How much does it cost to make a bottle of good wine?

Fine wine is stupendously overpriced so why do I want to buy it, asks Bobby Read.

What’s the difference between a £15 bottle of wine and a £50 bottle? The price tag, I hear you say. You wouldn’t be far wrong, because both of them cost roughly the same amount of money to produce.

Good wine requires good grapes from a good location to be aged in good oak barrels for a good amount of time. That’s all well and… good. But there’s virtually no difference in cost between making good wine – the ones you see on the top shelf of your supermarket – and great wine – those bottles which are often nestled in their own bed of straw in individual wooden boxes.

Pricing wine is more art than science, and at the top end it’s perhaps the art of what you can get away with.

The redoubtable wine writer Jancis Robinson wrote an article in 2001 on how much it costs to make Bordeaux wine. “I was amazed,” she wrote, “just how little it costs to make even some of the most famous wines of the world.”

Pricing wine is more art than science, and at the top end it’s perhaps the art of what you can get away with.

Robinson calculated that it cost less than £3 to make a standard bottle of classed growth Bordeaux – that’s around £4.64 in today’s money (without taking into account any changes in production costs in the intervening period). But wine lovers are being asked to pay around ten times that amount for some of the region’s most sought-after wines’ 2016 vintage long before it’s been bottled.

These costs take into account labour, materials and depreciation, but do not include the land cost. Property prices for vines on the fabled left bank of the Gironde estuary, where the most famous appellations are situated, are akin to those in Mayfair, which is reflected in the price of the wine produced from them.

The top chateaux will also regularly dispatch squads into the vineyards to trim, primp, coo over, coax and cosset the grapes like anxious nursemaids. But I’m dubious about the added value created by tending vines as if they were bonsai trees.

It’s very difficult to know exactly how much they’re making. President Trump’s tax returns are probably easier to come by than a balance sheet from one of the top chateaux.

When harvest time comes, legions of people will be sent into the fields to handpick the lushest, juiciest bunches and lay them down carefully in small tubs, to avoid their skins being broken before they reach the winery. But it seems odd to me how, when we’re being told that robots will soon replace pilots, lawyers and doctors, that one won’t soon be invented that can take grapes off a vine as well as any human.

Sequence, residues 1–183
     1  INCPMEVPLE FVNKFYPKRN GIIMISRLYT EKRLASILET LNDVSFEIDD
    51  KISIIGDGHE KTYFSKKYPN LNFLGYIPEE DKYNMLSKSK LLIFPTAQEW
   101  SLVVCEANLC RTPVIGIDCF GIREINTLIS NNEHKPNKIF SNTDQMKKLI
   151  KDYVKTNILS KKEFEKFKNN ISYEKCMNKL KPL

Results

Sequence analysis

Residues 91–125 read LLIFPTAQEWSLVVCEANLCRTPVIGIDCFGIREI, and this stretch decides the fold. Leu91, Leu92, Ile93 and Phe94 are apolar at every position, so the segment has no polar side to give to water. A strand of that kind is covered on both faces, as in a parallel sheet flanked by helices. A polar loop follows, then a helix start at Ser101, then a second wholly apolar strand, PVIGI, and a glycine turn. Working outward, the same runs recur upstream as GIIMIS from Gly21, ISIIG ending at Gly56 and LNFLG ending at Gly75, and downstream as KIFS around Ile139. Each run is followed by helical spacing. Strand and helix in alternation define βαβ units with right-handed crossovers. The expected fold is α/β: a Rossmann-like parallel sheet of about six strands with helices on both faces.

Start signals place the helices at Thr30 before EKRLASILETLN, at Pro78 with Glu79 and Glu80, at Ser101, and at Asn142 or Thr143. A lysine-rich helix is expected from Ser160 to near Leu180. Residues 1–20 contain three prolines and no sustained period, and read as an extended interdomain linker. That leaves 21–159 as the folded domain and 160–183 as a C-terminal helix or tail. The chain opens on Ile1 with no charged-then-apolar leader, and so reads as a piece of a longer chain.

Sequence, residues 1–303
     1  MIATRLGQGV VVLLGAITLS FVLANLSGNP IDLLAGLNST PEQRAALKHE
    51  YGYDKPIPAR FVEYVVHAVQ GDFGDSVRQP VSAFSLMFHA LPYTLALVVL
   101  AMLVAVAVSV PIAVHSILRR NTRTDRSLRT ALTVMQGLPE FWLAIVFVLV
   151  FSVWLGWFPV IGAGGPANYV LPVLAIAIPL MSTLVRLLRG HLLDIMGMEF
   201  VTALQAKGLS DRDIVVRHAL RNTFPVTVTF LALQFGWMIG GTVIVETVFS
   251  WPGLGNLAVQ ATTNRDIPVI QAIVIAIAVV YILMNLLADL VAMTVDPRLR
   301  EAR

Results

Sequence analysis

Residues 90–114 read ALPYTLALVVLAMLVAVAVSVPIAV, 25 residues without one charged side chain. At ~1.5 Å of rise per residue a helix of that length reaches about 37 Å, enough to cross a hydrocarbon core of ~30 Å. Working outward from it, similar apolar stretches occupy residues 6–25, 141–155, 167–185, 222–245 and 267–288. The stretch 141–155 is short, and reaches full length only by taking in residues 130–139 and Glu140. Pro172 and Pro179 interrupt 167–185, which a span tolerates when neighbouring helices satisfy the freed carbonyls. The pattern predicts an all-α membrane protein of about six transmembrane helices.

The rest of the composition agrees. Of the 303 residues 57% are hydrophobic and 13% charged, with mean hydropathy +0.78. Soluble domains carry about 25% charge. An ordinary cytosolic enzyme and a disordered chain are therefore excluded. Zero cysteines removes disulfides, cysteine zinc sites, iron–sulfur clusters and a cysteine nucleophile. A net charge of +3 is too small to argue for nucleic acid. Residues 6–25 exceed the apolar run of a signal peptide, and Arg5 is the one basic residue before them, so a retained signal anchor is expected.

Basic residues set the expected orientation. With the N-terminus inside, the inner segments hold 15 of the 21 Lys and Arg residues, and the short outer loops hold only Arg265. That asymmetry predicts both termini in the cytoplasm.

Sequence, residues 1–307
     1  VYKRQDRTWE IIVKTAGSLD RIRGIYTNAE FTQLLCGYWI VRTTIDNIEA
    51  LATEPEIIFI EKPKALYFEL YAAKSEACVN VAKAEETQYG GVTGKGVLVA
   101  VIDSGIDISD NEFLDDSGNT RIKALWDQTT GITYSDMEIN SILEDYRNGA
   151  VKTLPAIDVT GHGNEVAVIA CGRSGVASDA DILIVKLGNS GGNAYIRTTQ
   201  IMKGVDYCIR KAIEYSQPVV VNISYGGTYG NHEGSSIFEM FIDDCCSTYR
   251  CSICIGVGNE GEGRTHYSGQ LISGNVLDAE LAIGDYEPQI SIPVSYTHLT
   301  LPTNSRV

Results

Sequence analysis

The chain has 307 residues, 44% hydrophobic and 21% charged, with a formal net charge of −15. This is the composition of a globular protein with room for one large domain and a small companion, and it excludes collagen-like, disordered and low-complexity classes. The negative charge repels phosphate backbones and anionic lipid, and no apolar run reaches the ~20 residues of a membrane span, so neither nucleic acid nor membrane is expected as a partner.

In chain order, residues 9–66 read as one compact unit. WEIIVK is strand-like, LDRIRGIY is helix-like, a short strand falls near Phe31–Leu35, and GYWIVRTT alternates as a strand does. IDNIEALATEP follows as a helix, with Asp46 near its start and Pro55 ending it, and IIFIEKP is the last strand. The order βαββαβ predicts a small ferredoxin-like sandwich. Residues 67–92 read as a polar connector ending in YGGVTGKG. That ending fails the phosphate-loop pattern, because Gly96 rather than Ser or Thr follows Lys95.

But if we were to say that the very high level of manual labour involved in a sought-after chateau producing a bottle of wine doubled its expenses (a conservative estimate), that would still mean that it costs considerably less than a tenner to make. So where does the rest of the money go? 

Some of it will be spent on posh bottles, fancy corks and labels, and marketing (although some top-end wines effectively sell themselves) – everything to persuade the punter that even though the wine’s expensive, it’s worth every penny.

The wine merchants will take a hefty slice of what’s left. The rest is pure profit to the vineyard. To be fair, it’s only in the past few decades that making fine Bordeaux has become such a lucrative venture. “For much of the 20th century even classed growths were run at a loss,” writes Robinson. But, she adds: “they are sure making up for that now.”

It’s very difficult to know exactly how much they’re making. President Trump’s tax returns are probably easier to come by than a balance sheet from one of the top chateaux. Most are privately owned, while several have been in the same family for generations – proof that money, like good wine, takes years to mature.

An indication of how well the top Bordeaux chateaux are doing is the new buildings they have built in recent years, designed by some of the world’s best-known architects. Margaux used Norman Foster to design a new winery and underground “wine library” (see above); Jean Nouvel designed a new wine cellar for Chateau La Dominique in Saint-Émilion, while Philippe Starck, Alberto Pinto and Christian de Portzamparc are some of the other big names that have been hired by grand cru chateaux. The “battle of the egos” between prestigious Bordeaux winemakers began with a price war – only the battle was over how much they could sell their bottles for – and has been carried on through architecture, wrote one well-regarded French wine commentator.   

But the funny thing is that while I know I’m probably being ripped off when I buy top-end wine, I don’t care. I think I have fallen hook, line and sinker for the hype and what’s more I enjoy the experience. Maybe I am the wine buying equivalent of a turkey voting for Christmas?

But the funny thing is that while I know I’m probably being ripped off when I buy top-end wine, I don’t care. I think I have fallen hook, line and sinker for the hype and what’s more I enjoy the experience.

Having said that, I haven’t been tempted so far to buy any of the 2015 or 2016 vintages. The low value of the pound against the euro and the fact that both of my main cars gave up the ghost almost simultaneously has meant that en primeur prices look decidedly dear to me at the moment, albeit for what are meant to be two epic years.

At first, I thought there were some very good deals to be had, until I realised the prices being quoted for the 2016 wines were for three bottles, not six as they were for the 2015, while before then prices were always quoted for a case of 12 bottles. That seems like a cheap gimmick to me at this level. So I will sit on my hands for now, in the expectation that, as in the past, reality will intrude and prices will fall.

 

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